Friday, February 6, 2009

Clap your hands, say yeah!

Here in Sweden we have a problem with handclapping at rock'n'roll concerts. I'm not against handclapping as such. People seem to enjoy it quite a bit. It's a way to participate in the performance and give in to the music. And if done correctly it can enhance the whole experience for the audience and the artists alike. Some experienced performers even rely on handclapping as the sole provider of rythm during parts of their show to create a special bond with the fans. But this is directed by the artist himself, giving clear instructions on when to start and stop clapping. Spontaneous handclapping is a different story altogether, and often a huge problem. At least in this country.

Basically all popular music today spring from afroamerican gospel and blues of the early 20th century. It builds on a 4/4 pattern where the stress is placed on the second and the fourth beat. If you watch a gospel choir and count the beats you'll notice that on the first beat the throw their hands apart and on the second beat they put them together, throw them apart again on the third beat, clap on the forth. And so on. This enchances the groove, if you will, and like I said, it applies to virtually all popular music today.

Swedes, however, have a really hard time grasping this concept. They insist on clapping on one and three. You could stand there listening to an awesome performance. Musicians playing their asses off. Then suddenly people start clapping and it all falls apart. Ten seconds ago the house was rocking, now it's stiff like Parkinson's. Musically illiterates will not notice this, but to some of us this accent change is the rythmical equivalent to singing out of key. It ruins everything.

It is possible that this is an age related problem and that the younger generations are more likely to start clapping on the second beat. One thing that seems to support this is watching old people dance. My girlfriend and I have talked about this quite a bit, they move in a staccatto like pattern and seem to constantly do the wrong thing at the wrong time. Their timing is peculiar – almost exotic. We've often wondered why, and one of my theories is that they dance the way they clap – putting the stress on the wrong beat.

On the other hand – rock'n'roll was around when these people were young too, and there's no reason they should percieve musice differntly from us. Generally I just lean towards this being a racial issue. Swedes are possibly the withest people on the planet. It may take millenia for us to fall in line and start clapping correctly. I don't know. How do people clap in your country?

(Oh, if you wan't to here some awesome handclapping – checkout Staple Singers' I'm So Glad.)

Friday, January 9, 2009

The racehorse paradox

One of the readers of this blog suggested that I write about his incredible boardgame losing streak. As I'm tremendously flattered that someone actually found their way here and found the time to read through the posts I'm going to do just that. Now, I don't really know anything about this poor fella's losing streak, but on the subject of losing or winning in games is indeed an interesting one. Why do some people win more often than others?

Let's get the obvious explainations out of the way first. Some people are just better at certain games than others. The more complex a game is and the less random elements it has the more likely that this is the case. I believe Chess is the staple here. The best player will almost always win, and as there is really no limit to how good you can get at this game there is also no limit to how bad you can be in comparison. This is why a grand master can beat an entire chess club simultaniously.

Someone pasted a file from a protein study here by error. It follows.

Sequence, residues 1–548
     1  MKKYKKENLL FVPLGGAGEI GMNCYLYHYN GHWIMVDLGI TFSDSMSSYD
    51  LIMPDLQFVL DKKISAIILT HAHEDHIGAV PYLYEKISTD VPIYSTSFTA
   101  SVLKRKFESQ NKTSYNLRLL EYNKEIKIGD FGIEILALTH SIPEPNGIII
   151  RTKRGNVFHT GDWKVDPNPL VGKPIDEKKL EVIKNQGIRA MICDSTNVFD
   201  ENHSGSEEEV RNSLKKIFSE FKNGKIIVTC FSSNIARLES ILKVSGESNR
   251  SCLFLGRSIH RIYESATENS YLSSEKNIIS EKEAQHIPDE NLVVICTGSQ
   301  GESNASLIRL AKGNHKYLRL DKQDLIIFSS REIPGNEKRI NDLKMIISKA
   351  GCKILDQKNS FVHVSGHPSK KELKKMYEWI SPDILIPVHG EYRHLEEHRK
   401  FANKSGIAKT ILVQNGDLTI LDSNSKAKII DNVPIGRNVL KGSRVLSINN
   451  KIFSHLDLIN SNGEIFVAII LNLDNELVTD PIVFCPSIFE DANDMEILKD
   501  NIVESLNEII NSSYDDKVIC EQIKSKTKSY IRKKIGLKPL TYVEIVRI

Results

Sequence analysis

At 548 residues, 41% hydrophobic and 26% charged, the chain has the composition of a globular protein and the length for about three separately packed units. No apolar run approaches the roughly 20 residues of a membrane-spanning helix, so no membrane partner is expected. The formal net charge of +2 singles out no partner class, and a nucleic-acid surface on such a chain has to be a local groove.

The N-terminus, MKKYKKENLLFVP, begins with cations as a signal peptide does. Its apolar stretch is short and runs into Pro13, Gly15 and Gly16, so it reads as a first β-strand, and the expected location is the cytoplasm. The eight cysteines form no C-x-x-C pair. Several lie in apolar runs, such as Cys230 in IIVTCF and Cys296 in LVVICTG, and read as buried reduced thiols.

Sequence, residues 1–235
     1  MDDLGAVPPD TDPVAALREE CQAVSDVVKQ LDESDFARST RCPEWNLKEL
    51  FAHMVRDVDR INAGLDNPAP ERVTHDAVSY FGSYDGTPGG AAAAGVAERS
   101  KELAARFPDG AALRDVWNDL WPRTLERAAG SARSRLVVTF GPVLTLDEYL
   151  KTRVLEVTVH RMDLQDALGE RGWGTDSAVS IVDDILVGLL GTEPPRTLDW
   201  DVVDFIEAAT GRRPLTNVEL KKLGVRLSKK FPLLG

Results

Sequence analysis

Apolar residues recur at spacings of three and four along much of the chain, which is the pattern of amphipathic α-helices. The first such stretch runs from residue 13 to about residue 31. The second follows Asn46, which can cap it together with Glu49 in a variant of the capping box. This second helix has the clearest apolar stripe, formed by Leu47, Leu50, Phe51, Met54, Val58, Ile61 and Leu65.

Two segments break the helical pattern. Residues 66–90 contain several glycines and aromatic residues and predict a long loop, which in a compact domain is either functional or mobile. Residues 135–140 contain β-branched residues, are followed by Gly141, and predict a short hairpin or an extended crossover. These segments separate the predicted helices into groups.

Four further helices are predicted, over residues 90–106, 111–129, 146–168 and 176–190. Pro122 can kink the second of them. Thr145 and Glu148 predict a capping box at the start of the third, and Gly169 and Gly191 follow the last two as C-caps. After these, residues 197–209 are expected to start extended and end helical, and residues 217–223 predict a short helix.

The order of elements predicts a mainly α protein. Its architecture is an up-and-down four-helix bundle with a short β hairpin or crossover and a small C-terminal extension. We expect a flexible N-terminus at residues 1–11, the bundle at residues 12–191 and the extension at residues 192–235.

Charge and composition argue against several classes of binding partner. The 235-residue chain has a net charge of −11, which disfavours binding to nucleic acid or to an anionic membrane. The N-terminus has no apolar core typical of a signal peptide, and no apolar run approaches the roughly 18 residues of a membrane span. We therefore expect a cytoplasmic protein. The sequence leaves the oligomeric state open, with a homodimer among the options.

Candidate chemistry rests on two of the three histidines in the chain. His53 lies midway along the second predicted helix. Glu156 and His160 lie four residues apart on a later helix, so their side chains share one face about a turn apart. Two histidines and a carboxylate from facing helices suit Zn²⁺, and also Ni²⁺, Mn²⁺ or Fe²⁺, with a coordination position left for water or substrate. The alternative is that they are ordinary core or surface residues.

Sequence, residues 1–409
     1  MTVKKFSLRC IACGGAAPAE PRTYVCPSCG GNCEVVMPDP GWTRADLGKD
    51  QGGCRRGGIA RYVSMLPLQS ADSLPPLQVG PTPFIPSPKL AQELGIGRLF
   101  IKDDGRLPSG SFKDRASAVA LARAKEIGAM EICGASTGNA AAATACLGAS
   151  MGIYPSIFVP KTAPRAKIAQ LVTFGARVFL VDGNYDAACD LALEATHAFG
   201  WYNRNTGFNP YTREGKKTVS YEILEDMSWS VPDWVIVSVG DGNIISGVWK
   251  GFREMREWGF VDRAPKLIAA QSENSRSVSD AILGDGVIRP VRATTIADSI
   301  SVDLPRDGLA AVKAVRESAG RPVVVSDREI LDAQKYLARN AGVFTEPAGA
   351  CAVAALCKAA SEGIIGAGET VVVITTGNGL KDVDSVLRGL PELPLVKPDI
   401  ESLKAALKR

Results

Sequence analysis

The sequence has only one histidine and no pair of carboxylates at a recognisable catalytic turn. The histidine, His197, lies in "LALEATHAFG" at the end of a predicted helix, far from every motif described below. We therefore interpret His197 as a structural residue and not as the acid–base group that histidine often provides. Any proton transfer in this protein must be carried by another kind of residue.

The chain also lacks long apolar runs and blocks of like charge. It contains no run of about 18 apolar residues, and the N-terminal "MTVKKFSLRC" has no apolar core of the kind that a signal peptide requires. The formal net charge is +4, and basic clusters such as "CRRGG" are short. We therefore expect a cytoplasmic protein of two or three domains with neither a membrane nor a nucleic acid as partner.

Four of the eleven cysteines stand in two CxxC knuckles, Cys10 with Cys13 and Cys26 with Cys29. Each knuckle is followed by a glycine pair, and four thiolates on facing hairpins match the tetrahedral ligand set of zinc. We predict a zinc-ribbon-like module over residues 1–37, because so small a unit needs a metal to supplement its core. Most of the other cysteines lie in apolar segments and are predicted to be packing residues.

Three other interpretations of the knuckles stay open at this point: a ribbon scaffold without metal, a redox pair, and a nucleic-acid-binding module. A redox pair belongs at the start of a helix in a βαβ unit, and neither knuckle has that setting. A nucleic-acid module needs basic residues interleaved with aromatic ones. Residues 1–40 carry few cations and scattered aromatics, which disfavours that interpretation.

But I don't think this is my reader's problem. In fact, as the losing actually seems to bother him, I suspect he is a rather skilled player, reading through strategy articles on boardgamegeek, analyzing his play. It reminds me of a problem I used to have playing poker a while back. Me and a friend started playing at about the same time but he quickly sped past me in terms of results. He started making lots of money online while I barely broke even. I was frustrated. A lot of the time I felt his plays were rash or even stupid and that he just got lucky. But as time wore on I realized that he had qualities that I lacked. I played safe. By the book. He played hard. With a vengence.

There is something called the racehorse paradox which essentially means that the more competitors in a game and the steeper the prize curve, the more it pays to be agressive and to take risks.

Say two horses compete. One of them is predictable, running at a constant 20 mph (I know jack shit about horses – how fast do they run?). The other is inconsistant, running at 15 mph most of the time, but every once in a while gets excited and pushes to 25 – let's say every fifth race. So if it's just up to those two, we will bet on the predictable horse to win as he will win four out of five races. But what if we add more horses? Let's say we add three more horses who are about as consistant as the predictable horse. The unpredictable horse will still win every fifth race, but the predictable horse's chances have worsened considerably. One of five races will be won by the unpredictable horse and in the remaining four races the other horses are about equal, meaning that they too win one out of five races. And if we add a sixth horse our unpredictable horde is suddenly the favourite.

Psychological factors aside, this explains, in part, why my friend was more successful at poker than I was. We played mostly ten player tournaments, and while I almost always made it to the top four, I very rarely won. My friend on the other hand often got obliterated in early rounds but if he made it to the top he usually managed to win.